By Andrew Hood
Quick Step rider Carlos Barredo might have been a little bit groggy before Monday’s start of the Tour of the Basque Country; he certainly had reason to be.
Barredo raced Sunday’s Tour of Flanders and barely had time to wipe down before he was being hustled away to the airport in Brussels for a flight to Spain, where a team car was waiting for him to shuttle him to the team hotel above San Sebástian.
The Spanish rider didn’t get to bed until 1:30 a.m. after what was a very long day.
“I’ve recovered pretty well from the effort of Sunday. The idea is to prepare myself here for the Ardennes classics, after that I can take a rest,” Barredo told El Dario Vasco. “I’ll try to make it through the first few days of the race and then see if I can get into a breakaway. It will be complicated, but at least I’ll try.”
Barredo, 26, is turning into cycling’s “everywhere man,” a rider capable of helping his captains win big races (Quick Step teammate Stijn Devolder won Sunday), go on the attack for stage wins (he was victorious in stage 5 at this year’s Paris-Nice) and ride well in grand tours (he was 10th in last year’s Vuelta a España).
“I don’t know if I will ever be able to dispute one of the grand tours because even though I can climb and time trial pretty well, I am not a specialist in either,” Barredo told VeloNews earlier this year. “My real passion is the classics. I’d love to win one of the big ones one day.”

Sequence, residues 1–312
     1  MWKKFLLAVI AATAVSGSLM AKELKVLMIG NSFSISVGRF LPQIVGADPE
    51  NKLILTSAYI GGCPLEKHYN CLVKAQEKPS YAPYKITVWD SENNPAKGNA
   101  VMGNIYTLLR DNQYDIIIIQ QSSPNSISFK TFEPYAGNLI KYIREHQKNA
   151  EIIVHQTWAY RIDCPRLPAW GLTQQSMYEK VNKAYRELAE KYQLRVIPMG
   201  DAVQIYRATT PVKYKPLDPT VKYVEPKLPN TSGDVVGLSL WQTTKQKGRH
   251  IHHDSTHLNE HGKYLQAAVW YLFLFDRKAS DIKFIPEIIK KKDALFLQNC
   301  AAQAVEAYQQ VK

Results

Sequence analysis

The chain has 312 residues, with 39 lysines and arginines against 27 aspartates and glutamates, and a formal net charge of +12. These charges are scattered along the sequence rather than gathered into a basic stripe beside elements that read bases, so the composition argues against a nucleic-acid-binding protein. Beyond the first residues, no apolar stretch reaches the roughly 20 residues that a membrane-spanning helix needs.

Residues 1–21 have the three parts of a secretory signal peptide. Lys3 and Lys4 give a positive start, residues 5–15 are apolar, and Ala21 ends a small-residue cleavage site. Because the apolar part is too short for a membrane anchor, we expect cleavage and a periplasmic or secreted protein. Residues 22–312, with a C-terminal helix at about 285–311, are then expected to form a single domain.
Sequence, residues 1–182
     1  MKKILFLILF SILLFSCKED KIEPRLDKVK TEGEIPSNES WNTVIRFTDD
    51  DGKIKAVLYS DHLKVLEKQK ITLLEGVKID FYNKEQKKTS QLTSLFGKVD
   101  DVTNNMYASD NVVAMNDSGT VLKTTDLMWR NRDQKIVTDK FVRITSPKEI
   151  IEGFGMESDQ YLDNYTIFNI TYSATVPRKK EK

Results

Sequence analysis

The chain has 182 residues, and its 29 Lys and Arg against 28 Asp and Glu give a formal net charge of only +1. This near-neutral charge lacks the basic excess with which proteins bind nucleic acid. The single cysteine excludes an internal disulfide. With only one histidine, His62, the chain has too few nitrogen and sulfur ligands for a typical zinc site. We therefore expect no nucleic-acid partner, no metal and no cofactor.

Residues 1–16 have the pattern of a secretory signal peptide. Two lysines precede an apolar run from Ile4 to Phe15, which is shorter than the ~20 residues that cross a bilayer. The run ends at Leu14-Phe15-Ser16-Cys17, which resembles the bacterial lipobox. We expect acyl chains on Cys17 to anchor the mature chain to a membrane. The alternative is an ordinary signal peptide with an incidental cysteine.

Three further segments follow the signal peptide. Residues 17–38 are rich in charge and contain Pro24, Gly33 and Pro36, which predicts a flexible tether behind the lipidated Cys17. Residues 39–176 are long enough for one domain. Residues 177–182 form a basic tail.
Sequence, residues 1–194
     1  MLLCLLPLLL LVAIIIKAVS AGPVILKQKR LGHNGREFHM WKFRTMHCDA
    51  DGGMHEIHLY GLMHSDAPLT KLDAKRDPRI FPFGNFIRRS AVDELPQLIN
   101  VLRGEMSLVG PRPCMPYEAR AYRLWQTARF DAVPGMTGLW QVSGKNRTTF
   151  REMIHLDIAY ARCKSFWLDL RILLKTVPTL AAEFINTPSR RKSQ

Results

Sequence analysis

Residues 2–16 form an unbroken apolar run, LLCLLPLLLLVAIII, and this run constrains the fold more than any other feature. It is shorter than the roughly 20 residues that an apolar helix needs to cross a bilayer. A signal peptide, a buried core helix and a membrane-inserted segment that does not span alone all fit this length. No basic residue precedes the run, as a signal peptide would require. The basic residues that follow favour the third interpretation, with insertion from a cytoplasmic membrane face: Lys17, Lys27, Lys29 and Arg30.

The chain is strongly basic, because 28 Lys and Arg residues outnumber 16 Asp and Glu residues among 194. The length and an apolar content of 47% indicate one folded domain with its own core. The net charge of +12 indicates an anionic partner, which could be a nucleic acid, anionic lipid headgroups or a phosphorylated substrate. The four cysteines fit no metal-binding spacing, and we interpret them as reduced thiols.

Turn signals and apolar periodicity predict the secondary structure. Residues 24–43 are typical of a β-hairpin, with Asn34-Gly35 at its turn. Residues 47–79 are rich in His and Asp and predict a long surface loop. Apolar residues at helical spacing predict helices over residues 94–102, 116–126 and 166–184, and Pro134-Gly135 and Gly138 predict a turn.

His immediate future is trying to recuperate this week and hone his form for Amstel Gold Race, Flèche Wallone and Liège-Bastogne-Liège, where he’ll be riding for team captain Paolo Bettini.
Devolder’s big win Sunday was fresh on his mind going into the second half of the spring classics.
“Flanders has a special ambiance with the public. To race it with a team like Quick Step, with the quality of riders and the passion for the race, it’s tremendous,” he said. “It’s even better when your team wins. Sunday is going to be one of the best memories of my career as a racer. The truth is that it was very special.”
Barredo will finally take a break after Liège. He promises not to touch the bike for a week and then begin training for his next major goal. What else? The Tour de France with detours through the tours of Belgium and Switzerland beforehand.